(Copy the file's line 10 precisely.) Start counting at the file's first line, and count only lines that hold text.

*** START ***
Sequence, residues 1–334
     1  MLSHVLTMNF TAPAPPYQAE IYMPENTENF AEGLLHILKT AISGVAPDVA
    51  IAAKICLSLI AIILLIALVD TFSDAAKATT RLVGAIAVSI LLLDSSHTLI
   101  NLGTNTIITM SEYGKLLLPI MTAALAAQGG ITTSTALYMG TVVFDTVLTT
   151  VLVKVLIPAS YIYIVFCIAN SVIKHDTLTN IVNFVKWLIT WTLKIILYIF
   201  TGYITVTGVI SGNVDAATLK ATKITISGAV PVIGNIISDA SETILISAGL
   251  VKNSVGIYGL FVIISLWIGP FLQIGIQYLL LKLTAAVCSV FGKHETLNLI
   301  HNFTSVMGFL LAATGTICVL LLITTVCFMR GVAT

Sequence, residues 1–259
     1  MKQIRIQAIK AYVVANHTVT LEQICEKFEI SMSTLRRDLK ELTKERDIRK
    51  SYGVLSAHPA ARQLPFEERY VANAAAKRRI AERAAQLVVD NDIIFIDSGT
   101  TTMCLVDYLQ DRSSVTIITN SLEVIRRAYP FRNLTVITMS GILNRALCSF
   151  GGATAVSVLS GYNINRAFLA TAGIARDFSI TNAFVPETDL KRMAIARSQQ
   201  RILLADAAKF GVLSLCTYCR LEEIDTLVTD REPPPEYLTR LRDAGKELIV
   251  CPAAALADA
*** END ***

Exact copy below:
     1  MKQIRIQAIK AYVVANHTVT LEQICEKFEI SMSTLRRDLK ELTKERDIRK